Study region: This study focuses on two study areas: the Province of Trento (Italy; 6200 km(2)), and entire Sweden (447000km(2)). The Province of Trento is a complex mountainous area including subarctic, humid continental and Tundra climates. Sweden, instead, is mainly dominated by a subarctic climate in the North and an oceanic climate in the South. Study focus: Hydrological predictions often require long weather time series of high temporal resolution. Daily observations typically exceed the length of sub-daily observations, and daily gauges are more widely available than sub-daily gauges. The issue can be overcome by disaggregating daily into sub-daily values. We present an open-source tool for the non-parametric space-time disaggregation of daily precipitation and temperature into hourly values called spatial method of fragments (S-MOF). A large number of comparative experiments was conducted for both S-MOF and MOF in the two study regions. New hydrological insights for the region: Our experiments demonstrate the applicability of the univariate and spatial method of fragments in the two temperate/subarctic study regions where snow processes are important. S-MOF is able to produce consistent precipitation and temperature fields at sub-daily resolution with acceptable method related bias. For precipitation, although climatologically more complex, S-MOF generally leads to better results in the Province of Trento than in Sweden, mainly due to the smaller spatial extent of the former region.

Place, publisher, year, edition, pages
ELSEVIER SCIENCE BV, 2019
Keywords
Precipitation, Temperature, Disaggregation, Space-time scaling, Non-parametric, Method of fragments
National Category
Ecology
Identifiers
urn:nbn:se:uu:diva-377221 (URN)10.1016/j.ejrh.2018.12.002 (DOI)000457248200010 ()
Funder
Swedish Research Council FormasEU, Horizon 2020, 793558
Available from: 2019-02-15 Created: 2019-02-15 Last updated: 2019-02-15Bibliographically approved
Ferdous, M. R., Wesselink, A., Brandimarte, L., Slager, K., Zwarteveen, M. & Di Baldassarre, G. (2019). The Costs of Living with Floods in the Jamuna Floodplain in Bangladesh. Water, 11(6), Article ID 1238.
Open this publication in new window or tab >>The Costs of Living with Floods in the Jamuna Floodplain in Bangladesh
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2019 (English)In: Water, ISSN 2073-4441, E-ISSN 2073-4441, Vol. 11, no 6, article id 1238Article in journal (Refereed) Published
Abstract [en]

Bangladeshi people use multiple strategies to live with flooding events and associated riverbank erosion. They relocate, evacuate their homes temporarily, change cropping patterns, and supplement their income from migrating household members. In this way, they can reduce the negative impact of floods on their livelihoods. However, these societal responses also have negative outcomes, such as impoverishment. This research collects quantitative household data and analyzes changes of livelihood conditions over recent decades in a large floodplain area in north-west Bangladesh. It is found that while residents cope with flooding events, they do not achieve successful adaptation. With every flooding, people lose income and assets, which they can only partially recover. As such, they are getting poorer, and therefore less able to make structural adjustments that would allow adaptation in the longer term.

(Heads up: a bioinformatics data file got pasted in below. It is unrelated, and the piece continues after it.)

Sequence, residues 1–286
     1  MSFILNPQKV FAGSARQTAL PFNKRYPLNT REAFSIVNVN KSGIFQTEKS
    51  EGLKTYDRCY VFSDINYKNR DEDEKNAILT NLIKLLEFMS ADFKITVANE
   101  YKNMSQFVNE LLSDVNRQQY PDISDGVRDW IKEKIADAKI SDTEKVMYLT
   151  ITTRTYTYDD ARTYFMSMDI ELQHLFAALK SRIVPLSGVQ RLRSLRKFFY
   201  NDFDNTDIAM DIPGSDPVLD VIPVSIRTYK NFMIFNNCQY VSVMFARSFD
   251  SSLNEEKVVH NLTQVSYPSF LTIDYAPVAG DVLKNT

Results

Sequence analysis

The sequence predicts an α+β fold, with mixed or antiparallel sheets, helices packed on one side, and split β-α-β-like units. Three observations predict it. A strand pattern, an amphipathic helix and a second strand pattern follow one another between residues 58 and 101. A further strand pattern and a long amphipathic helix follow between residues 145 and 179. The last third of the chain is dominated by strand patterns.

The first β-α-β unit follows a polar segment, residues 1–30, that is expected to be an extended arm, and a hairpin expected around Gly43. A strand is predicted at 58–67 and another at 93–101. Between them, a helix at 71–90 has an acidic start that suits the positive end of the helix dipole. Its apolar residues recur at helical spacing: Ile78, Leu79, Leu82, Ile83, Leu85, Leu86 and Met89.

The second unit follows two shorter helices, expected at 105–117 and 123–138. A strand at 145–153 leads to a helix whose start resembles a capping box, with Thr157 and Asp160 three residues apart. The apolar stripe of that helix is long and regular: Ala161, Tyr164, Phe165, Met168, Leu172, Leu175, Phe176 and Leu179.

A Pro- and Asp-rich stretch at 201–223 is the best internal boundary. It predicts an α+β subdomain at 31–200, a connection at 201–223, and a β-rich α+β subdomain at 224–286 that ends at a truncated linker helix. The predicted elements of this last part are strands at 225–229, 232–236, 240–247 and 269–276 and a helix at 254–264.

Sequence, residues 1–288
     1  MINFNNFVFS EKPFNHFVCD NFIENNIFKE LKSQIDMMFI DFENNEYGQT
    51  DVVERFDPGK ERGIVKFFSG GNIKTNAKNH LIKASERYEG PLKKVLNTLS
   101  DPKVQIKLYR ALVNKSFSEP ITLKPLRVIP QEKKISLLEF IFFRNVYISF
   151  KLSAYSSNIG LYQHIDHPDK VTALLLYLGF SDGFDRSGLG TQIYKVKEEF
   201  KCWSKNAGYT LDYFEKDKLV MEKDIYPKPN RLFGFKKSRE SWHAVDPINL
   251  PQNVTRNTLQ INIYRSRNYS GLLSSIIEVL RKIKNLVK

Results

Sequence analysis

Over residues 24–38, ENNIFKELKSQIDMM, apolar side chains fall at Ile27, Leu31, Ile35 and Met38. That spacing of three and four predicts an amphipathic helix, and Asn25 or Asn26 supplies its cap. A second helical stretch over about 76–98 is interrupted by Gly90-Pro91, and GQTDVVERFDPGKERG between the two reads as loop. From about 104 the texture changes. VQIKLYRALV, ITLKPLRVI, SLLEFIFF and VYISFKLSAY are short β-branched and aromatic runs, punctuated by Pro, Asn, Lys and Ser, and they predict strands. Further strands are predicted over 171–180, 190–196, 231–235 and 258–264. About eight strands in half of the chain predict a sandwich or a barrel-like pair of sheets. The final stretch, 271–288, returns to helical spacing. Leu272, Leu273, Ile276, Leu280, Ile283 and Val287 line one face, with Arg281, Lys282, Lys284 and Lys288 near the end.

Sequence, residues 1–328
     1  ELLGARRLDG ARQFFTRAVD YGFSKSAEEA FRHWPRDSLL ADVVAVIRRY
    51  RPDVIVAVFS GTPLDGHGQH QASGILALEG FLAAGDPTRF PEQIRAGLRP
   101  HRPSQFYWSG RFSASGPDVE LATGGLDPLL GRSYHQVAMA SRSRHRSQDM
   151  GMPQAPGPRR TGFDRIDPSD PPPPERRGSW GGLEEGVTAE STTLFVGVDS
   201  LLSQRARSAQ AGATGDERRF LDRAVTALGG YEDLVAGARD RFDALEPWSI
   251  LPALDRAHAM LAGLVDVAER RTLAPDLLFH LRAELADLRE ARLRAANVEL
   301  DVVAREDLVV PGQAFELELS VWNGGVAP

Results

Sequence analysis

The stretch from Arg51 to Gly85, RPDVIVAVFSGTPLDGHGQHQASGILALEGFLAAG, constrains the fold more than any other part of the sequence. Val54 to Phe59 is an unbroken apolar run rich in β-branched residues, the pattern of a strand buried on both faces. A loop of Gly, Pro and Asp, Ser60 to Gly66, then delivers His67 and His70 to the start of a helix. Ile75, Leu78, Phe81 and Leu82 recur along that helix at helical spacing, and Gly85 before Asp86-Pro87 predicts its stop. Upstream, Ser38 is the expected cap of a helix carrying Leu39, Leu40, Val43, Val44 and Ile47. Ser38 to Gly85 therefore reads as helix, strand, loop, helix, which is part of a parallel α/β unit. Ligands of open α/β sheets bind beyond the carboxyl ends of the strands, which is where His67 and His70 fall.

Place, publisher, year, edition, pages
MDPI, 2019
Keywords
flooding, erosion, coping, adaptation, Jamuna River, Bangladesh
National Category
Oceanography, Hydrology and Water Resources
Identifiers
urn:nbn:se:uu:diva-390698 (URN)10.3390/w11061238 (DOI)000475346300126 ()
Funder
EU, European Research Council, 771678
Available from: 2019-08-13 Created: 2019-08-13 Last updated: 2019-08-13Bibliographically approved
Bloeschl, G., Bierkens, M. F. P., Chambel, A., Cudennec, C., Destouni, G., Fiori, A., . . . Zhang, Y. (2019). Twenty-three unsolved problems in hydrology (UPH) - a community perspective. Hydrological Sciences Journal, 64(10), 1141-1158
Open this publication in new window or tab >>Twenty-three unsolved problems in hydrology (UPH) - a community perspective
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2019 (English)In: Hydrological Sciences Journal, ISSN 0262-6667, E-ISSN 2150-3435, Vol. 64, no 10, p. 1141-1158Article in journal (Refereed) Published
Abstract [en]

This paper is the outcome of a community initiative to identify major unsolved scientific problems in hydrology motivated by a need for stronger harmonisation of research efforts. The procedure involved a public consultation through online media, followed by two workshops through which a large number of potential science questions were collated, prioritised, and synthesised. In spite of the diversity of the participants (230 scientists in total), the process revealed much about community priorities and the state of our science: a preference for continuity in research questions rather than radical departures or redirections from past and current work. Questions remain focused on the process-based understanding of hydrological variability and causality at all space and time scales. Increased attention to environmental change drives a new emphasis on understanding how change propagates across interfaces within the hydrological system and across disciplinary boundaries. In particular, the expansion of the human footprint raises a new set of questions related to human interactions with nature and water cycle feedbacks in the context of complex water management problems. We hope that this reflection and synthesis of the 23 unsolved problems in hydrology will help guide research efforts for some years to come.

Place, publisher, year, edition, pages
TAYLOR & FRANCIS LTD, 2019
Keywords